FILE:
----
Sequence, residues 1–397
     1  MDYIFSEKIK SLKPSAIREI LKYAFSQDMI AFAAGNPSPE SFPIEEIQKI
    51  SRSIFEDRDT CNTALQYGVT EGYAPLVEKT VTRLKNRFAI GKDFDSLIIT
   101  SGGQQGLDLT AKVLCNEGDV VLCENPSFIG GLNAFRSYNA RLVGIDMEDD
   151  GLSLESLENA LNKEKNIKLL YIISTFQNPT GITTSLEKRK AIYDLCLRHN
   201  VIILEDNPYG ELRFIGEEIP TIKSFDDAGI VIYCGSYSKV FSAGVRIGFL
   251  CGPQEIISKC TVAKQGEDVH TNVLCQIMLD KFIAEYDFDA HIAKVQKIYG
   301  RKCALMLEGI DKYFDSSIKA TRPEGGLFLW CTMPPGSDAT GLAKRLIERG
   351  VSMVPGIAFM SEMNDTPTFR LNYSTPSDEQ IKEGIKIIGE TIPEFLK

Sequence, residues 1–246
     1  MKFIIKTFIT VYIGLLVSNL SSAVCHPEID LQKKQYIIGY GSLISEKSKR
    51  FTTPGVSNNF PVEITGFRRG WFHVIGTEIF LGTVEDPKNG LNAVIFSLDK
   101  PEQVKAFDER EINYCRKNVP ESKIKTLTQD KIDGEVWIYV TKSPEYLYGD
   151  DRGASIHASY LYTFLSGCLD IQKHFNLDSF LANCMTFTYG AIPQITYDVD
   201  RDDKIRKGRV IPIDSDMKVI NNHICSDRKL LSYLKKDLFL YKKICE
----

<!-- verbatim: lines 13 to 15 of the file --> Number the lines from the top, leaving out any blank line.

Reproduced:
   101  PEQVKAFDER EINYCRKNVP ESKIKTLTQD KIDGEVWIYV TKSPEYLYGD
   151  DRGASIHASY LYTFLSGCLD IQKHFNLDSF LANCMTFTYG AIPQITYDVD
   201  RDDKIRKGRV IPIDSDMKVI NNHICSDRKL LSYLKKDLFL YKKICE